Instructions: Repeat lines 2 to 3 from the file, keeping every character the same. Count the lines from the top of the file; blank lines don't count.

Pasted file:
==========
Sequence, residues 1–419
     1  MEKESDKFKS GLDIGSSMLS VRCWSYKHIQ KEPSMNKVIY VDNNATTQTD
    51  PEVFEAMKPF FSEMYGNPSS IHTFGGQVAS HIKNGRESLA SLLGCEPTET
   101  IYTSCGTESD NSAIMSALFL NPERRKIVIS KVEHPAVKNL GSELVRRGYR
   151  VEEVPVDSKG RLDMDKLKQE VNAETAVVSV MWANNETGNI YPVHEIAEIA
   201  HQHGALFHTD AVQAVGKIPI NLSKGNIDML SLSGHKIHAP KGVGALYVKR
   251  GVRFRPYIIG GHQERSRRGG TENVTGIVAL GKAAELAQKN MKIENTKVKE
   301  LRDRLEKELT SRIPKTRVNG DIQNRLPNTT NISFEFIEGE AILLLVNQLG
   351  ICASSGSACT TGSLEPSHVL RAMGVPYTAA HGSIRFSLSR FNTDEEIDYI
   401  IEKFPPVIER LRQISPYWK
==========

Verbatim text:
     1  MEKESDKFKS GLDIGSSMLS VRCWSYKHIQ KEPSMNKVIY VDNNATTQTD
    51  PEVFEAMKPF FSEMYGNPSS IHTFGGQVAS HIKNGRESLA SLLGCEPTET